High hopes that Nigeria’s economy will get out of recession might be prolonged further. June inflation as released by the National Bureau of Statistics shows that the index marginally reduced to 16.1%.
When compared to 16.25% in May, it is becoming clearer that the inflation rate might have reached a point of equilibrium.
The data is less encouraging when the food price index is looked at. The sub index is at 19.91% up from 19.27% in May. Nigerians keep paying more for food, a pointer to the fact that life is still much tougher for many Nigerians who live below USD2 per day.
Nigeria entered recession in the second quarter of last year after the country’s gross domestic product fell for the second time consecutively.
Oil is Nigeria’s top revenue source, the country announced two weeks ago that it will join OPEC production cuts to further stabilise price to the region of USD50 per barrel.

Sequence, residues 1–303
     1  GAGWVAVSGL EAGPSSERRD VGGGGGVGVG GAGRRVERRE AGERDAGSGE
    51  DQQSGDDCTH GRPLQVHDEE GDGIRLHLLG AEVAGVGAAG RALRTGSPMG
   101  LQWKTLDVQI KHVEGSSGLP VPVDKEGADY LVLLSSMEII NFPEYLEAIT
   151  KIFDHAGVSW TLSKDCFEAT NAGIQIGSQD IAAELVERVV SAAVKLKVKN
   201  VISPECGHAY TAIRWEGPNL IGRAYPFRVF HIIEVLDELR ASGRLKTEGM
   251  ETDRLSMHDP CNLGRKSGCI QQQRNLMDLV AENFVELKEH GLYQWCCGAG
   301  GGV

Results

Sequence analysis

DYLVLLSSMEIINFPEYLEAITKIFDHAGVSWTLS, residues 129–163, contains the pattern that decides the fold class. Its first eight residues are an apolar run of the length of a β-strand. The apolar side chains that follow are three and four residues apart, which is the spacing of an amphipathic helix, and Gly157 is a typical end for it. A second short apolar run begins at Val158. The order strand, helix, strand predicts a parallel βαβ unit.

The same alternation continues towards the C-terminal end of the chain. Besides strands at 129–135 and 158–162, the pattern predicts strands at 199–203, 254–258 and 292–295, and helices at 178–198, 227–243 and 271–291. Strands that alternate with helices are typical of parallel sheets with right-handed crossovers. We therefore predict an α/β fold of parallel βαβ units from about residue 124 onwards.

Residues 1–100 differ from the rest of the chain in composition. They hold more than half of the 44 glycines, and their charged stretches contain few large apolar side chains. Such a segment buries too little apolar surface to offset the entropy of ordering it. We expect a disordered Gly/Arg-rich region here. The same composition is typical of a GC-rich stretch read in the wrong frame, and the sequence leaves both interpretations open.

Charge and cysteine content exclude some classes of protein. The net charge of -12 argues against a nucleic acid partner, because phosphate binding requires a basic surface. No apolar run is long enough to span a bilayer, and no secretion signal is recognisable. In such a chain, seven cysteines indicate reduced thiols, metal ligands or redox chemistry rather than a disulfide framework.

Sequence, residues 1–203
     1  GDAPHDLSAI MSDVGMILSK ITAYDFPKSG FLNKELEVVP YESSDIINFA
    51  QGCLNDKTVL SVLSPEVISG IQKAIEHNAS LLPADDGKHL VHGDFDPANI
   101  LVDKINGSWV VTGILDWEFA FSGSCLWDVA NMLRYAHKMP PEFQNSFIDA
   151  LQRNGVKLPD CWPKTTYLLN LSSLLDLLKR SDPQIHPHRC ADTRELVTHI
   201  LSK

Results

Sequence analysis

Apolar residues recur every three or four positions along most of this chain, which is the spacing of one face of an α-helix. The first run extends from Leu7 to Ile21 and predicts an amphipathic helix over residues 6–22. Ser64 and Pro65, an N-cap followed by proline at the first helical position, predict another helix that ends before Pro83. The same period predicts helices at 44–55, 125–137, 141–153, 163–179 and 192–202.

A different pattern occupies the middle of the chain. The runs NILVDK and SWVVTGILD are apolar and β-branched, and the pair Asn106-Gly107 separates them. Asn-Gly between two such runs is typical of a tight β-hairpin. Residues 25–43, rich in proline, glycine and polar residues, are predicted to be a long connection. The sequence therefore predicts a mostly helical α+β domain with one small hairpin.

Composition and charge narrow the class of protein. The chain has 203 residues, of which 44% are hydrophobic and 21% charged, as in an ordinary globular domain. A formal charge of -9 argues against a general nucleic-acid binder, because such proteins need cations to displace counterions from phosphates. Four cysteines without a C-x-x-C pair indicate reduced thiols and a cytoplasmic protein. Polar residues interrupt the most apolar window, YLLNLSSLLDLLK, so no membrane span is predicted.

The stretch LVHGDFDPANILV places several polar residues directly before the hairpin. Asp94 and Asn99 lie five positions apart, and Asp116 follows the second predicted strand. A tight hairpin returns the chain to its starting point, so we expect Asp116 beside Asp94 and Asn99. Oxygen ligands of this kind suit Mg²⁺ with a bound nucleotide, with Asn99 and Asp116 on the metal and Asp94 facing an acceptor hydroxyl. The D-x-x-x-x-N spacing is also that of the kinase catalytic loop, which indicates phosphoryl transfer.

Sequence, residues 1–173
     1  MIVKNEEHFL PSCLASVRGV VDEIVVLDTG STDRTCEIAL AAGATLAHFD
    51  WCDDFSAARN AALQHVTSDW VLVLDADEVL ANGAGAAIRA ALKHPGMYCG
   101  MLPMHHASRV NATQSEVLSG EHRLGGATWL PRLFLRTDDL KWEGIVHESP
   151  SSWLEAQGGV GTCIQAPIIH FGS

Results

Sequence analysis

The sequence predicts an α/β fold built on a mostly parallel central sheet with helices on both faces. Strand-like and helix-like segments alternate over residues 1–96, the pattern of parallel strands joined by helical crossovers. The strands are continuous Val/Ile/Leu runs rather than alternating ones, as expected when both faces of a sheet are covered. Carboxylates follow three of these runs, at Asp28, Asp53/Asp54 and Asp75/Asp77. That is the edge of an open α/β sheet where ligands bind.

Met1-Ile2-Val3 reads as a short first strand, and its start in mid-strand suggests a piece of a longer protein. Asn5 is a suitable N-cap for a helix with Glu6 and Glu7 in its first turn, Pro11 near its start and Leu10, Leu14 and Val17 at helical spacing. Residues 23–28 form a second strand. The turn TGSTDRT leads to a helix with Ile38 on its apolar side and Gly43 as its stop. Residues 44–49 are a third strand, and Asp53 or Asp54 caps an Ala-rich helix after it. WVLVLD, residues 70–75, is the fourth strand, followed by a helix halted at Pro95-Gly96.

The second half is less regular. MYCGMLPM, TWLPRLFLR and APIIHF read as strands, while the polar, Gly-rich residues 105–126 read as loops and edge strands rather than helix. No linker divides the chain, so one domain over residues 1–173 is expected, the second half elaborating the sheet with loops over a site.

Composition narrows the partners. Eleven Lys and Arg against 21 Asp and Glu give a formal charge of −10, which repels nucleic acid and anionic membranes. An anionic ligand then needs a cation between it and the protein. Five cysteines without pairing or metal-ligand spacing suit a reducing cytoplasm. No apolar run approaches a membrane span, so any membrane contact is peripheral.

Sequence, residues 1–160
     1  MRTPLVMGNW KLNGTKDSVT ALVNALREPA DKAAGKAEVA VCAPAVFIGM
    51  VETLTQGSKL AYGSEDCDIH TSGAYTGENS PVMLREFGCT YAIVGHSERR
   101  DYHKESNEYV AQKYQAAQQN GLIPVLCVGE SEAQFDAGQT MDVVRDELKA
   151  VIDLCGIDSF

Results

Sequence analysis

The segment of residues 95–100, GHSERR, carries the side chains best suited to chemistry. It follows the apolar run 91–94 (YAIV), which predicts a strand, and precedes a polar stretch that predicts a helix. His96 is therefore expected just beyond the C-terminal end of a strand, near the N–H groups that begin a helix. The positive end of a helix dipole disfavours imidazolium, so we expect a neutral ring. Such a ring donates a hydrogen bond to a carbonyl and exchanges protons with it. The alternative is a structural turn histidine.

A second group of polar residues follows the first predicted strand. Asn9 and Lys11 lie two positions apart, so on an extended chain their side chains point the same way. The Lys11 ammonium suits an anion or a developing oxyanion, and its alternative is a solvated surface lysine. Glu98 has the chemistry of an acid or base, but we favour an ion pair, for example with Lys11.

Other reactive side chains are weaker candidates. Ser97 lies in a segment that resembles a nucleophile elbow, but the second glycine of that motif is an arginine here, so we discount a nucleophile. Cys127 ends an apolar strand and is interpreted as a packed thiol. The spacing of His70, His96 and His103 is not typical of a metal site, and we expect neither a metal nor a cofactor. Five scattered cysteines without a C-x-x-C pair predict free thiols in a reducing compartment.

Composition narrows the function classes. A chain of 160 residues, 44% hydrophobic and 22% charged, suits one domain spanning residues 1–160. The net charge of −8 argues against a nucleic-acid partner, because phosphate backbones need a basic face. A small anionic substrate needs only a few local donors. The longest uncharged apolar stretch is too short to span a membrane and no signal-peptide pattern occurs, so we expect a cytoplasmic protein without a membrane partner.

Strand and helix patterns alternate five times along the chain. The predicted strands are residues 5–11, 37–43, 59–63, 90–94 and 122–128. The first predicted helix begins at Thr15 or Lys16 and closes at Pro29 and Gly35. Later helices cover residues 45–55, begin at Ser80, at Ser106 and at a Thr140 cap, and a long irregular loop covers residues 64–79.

The cessation of vandalism to oil installations and pipelines in Nigeria’s oil-rich Niger Delta has seen a surge in Nigeria’s output in the last six months.
As at the time of writing this report, NYMEX crude was trading for an average of USD46 per barrel. The news of a potential cut by Nigeria and Libya is expected to take oil back to USD50 and above territory. However, there are hiccups for OPEC and its weary members.
Should crude price near USD55 to USD60 per barrel, shale producers will find it attractive to produce, a further slide in crude price would be inevitable.